It is also beyond cavil that when the Supreme Court, as PET, resolves a presidential or vice-presidential election contest, it performs what is essentially a judicial
power. In the landmark case of Angara v. Electoral Commission, Justice Jose P. Laurel enucleated that "it would be inconceivable if the Constitution had not provided
for a mechanism by which to direct the course of government along constitutional channels." In fact, Angara pointed out that "[t]he Constitution is a definition of the
powers of government." And yet, at that time, the 1935 Constitution did not contain the expanded definition of judicial power found in Article VIII, Section 1,
paragraph 2 of the present Constitution. With the explicit provision, the present Constitution has allocated to the Supreme Court, in conjunction with latter's exercise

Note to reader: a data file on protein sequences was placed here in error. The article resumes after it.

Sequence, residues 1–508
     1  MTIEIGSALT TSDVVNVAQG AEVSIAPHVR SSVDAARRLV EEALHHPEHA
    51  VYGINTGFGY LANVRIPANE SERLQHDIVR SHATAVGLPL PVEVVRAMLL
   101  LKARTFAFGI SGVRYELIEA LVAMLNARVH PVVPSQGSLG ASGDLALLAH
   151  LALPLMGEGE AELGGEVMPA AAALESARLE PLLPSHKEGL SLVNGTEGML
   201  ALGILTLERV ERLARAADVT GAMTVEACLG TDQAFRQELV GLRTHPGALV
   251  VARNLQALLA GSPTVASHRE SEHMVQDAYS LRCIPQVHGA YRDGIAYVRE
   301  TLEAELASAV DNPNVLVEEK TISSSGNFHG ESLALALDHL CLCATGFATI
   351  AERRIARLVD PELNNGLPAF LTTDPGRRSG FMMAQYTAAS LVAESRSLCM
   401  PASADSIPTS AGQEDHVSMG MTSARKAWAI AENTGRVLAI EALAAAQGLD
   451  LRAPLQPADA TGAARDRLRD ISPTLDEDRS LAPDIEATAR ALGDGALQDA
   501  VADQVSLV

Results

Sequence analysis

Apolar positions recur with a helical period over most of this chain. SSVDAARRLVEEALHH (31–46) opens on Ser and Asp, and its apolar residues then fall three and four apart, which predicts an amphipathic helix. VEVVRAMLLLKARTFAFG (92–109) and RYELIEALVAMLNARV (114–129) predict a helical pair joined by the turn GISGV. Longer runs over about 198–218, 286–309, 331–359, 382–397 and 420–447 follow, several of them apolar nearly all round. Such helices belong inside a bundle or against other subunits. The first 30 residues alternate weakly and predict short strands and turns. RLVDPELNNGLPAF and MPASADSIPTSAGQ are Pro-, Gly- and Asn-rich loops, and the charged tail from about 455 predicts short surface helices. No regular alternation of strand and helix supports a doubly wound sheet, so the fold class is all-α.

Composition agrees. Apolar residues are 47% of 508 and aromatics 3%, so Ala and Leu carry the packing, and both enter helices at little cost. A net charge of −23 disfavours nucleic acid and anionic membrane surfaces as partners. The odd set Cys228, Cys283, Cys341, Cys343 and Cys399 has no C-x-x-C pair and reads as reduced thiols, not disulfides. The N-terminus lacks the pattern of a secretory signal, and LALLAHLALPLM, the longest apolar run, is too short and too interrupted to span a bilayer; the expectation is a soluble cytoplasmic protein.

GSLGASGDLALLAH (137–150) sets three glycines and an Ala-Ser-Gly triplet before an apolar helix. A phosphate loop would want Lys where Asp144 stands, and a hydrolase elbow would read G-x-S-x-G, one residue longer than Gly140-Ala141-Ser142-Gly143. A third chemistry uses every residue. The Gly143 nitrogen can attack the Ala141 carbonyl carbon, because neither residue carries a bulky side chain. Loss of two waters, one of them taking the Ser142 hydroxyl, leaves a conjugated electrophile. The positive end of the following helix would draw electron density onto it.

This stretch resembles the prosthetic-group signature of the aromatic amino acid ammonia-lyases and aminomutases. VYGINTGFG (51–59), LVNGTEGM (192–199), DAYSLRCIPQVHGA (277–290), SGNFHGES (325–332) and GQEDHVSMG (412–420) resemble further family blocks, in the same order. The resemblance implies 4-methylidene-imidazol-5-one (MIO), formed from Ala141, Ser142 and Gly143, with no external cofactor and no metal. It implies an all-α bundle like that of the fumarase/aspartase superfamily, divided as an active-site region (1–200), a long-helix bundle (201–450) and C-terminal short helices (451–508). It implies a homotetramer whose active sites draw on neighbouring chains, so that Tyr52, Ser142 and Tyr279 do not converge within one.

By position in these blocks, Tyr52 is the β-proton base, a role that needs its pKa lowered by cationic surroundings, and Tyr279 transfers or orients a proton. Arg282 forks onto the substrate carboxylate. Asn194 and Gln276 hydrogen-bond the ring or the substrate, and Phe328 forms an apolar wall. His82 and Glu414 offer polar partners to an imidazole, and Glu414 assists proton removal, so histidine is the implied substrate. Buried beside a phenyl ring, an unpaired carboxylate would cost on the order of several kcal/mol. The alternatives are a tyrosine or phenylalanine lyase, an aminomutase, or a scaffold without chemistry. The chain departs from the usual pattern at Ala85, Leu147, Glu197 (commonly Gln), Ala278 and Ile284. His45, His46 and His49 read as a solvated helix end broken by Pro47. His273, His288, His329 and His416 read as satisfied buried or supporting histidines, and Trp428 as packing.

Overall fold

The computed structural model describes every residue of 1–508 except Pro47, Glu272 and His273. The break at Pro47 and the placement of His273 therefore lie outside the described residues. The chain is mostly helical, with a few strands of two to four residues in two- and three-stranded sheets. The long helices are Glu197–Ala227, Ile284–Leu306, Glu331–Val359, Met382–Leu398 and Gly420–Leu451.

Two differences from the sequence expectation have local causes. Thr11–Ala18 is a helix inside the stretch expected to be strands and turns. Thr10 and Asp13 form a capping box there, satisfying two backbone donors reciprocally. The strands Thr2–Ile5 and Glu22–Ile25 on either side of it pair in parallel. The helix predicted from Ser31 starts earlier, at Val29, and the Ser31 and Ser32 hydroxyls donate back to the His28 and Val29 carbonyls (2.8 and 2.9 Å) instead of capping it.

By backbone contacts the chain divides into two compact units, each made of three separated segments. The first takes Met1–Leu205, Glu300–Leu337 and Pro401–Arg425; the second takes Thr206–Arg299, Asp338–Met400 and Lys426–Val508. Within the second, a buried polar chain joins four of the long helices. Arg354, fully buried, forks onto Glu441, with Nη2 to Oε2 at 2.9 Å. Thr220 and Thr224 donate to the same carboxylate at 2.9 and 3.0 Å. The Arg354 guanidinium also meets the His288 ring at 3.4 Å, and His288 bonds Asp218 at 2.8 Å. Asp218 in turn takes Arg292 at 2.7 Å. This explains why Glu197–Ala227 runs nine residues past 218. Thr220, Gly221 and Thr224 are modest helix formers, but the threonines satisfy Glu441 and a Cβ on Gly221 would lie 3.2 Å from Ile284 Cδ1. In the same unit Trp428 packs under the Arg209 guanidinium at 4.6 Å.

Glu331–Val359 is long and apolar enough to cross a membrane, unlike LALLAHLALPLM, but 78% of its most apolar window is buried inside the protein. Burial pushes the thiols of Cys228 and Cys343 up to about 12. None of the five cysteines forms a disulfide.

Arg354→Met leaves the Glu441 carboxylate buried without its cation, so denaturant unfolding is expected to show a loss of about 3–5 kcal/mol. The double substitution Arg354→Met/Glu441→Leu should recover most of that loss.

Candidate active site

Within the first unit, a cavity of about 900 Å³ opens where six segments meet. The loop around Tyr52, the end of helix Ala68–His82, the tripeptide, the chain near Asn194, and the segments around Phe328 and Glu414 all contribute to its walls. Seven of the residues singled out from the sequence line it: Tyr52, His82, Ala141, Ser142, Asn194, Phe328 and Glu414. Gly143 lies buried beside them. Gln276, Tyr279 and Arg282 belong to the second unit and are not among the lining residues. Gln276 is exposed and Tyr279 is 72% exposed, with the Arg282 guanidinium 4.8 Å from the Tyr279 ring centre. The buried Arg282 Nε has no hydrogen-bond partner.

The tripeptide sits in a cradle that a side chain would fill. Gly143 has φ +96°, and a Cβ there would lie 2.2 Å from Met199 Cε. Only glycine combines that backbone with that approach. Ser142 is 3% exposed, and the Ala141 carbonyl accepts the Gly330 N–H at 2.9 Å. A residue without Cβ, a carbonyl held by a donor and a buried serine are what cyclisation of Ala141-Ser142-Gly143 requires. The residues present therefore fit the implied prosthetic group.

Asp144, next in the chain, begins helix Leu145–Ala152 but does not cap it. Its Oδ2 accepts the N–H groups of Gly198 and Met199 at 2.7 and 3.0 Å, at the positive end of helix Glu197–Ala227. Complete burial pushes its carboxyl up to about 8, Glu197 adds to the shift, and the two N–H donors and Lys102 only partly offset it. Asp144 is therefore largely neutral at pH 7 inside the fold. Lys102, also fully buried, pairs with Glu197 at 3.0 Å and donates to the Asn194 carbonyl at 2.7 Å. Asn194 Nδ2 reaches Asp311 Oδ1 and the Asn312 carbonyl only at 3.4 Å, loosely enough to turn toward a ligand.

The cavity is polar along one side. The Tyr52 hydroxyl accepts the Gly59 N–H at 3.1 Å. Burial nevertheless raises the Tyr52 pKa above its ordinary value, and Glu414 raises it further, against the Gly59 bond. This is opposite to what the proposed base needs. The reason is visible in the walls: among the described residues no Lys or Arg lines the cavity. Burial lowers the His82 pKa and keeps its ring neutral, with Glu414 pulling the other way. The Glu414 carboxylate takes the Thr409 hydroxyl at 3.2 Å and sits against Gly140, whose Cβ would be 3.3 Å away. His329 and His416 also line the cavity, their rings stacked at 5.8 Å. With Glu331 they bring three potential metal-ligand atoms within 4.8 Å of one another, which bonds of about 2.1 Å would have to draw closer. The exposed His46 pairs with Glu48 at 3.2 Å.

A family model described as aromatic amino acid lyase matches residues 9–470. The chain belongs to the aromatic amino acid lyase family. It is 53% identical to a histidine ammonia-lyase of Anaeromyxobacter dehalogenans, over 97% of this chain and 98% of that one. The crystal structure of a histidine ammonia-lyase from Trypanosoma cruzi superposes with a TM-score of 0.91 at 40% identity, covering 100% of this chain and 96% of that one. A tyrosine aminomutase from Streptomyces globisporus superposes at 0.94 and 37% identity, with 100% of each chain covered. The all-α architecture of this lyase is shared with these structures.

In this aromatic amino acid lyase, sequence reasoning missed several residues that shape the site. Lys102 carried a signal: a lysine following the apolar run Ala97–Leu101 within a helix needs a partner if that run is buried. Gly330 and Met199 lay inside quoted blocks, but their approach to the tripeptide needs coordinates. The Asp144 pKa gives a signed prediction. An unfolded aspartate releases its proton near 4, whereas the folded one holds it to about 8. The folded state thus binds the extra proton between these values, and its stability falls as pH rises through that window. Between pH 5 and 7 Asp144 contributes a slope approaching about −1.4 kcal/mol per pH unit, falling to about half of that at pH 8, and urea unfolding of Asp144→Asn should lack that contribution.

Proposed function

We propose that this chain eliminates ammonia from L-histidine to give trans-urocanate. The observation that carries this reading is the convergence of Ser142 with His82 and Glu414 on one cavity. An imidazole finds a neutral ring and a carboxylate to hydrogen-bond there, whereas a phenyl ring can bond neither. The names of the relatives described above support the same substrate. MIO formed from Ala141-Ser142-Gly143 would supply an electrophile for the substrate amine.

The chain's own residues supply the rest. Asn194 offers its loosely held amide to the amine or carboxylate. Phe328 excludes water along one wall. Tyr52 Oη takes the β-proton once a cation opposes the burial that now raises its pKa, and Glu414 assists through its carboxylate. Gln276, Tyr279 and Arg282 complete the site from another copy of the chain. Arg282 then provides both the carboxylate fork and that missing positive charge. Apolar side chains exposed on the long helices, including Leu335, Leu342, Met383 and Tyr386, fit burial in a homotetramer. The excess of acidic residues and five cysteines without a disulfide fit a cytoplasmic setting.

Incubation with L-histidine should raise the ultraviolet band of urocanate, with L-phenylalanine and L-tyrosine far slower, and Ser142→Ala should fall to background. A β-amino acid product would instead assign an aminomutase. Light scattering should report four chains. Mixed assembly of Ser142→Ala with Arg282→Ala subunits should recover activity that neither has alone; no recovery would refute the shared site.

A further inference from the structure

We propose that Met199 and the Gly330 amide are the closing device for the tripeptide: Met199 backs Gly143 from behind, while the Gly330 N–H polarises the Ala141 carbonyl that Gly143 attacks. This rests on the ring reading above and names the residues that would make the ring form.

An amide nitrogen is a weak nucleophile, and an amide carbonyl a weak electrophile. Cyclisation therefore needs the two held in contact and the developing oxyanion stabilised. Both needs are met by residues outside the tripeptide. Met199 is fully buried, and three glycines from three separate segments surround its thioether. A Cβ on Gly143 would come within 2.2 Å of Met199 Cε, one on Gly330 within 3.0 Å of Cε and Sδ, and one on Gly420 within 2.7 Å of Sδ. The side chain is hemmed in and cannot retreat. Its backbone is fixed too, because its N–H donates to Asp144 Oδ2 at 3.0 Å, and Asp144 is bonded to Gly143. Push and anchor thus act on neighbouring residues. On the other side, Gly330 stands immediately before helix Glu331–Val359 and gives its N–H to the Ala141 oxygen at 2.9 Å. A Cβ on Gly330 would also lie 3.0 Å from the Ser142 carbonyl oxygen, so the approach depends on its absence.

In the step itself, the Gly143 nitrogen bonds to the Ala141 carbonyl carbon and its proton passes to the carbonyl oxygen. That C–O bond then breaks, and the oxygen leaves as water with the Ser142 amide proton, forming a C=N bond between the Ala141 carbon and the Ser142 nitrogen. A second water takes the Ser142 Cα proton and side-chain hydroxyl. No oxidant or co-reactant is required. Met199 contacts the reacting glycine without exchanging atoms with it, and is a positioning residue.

of judicial power inherent in all courts, the task of deciding presidential and vice-presidential election contests, with full authority in the exercise thereof. The power
wielded by PET is a derivative of the plenary judicial power allocated to courts of law, expressly provided in the Constitution. On the whole, the Constitution draws a
thin, but, nevertheless, distinct line between the PET and the Supreme Court. If the logic of petitioner is to be followed, all Members of the Court, sitting in the Senate
and House Electoral Tribunals would violate the constitutional proscription found in Section 12, Article VIII. Surely, the petitioner will be among the first to
acknowledge that this is not so. The Constitution which, in Section 17, Article VI, explicitly provides that three Supreme Court Justices shall sit in the Senate and